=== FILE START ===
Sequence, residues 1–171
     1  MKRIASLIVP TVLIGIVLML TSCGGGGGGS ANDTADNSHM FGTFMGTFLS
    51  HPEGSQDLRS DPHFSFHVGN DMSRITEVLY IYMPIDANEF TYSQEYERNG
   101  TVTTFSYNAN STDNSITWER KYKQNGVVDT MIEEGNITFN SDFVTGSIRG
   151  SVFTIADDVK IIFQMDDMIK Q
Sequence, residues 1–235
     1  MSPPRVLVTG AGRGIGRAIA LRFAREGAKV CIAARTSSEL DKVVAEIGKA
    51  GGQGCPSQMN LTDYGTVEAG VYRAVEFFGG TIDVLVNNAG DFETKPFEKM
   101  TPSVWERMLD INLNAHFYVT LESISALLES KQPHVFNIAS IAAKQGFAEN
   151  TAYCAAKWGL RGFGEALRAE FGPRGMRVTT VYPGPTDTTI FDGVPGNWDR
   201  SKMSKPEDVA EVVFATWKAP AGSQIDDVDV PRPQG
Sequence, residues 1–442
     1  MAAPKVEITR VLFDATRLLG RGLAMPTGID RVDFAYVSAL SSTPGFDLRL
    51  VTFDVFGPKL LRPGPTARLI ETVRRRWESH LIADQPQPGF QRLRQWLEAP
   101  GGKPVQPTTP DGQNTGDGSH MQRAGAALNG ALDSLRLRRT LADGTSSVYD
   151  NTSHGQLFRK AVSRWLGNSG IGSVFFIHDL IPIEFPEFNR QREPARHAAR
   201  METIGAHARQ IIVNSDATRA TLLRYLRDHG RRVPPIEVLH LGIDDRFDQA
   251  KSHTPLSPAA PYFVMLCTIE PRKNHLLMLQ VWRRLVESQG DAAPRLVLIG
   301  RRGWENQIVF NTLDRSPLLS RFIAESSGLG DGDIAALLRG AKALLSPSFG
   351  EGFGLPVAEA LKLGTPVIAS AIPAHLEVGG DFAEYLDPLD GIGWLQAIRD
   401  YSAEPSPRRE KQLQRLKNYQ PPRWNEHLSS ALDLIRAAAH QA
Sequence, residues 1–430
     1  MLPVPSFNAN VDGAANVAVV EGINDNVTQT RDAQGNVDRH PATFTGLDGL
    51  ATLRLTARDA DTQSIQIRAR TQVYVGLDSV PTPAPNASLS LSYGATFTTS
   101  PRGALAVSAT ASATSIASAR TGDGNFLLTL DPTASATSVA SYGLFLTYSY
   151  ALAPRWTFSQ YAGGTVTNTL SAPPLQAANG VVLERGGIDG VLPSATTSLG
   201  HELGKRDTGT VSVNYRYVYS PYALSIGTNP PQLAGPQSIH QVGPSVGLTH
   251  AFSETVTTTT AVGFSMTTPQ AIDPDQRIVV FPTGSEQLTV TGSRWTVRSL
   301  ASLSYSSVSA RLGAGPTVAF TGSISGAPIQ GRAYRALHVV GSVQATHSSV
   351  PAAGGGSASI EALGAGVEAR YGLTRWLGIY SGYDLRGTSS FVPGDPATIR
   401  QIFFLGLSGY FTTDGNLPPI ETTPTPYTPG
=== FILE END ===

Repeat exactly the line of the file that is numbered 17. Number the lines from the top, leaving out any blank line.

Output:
   201  METIGAHARQ IIVNSDATRA TLLRYLRDHG RRVPPIEVLH LGIDDRFDQA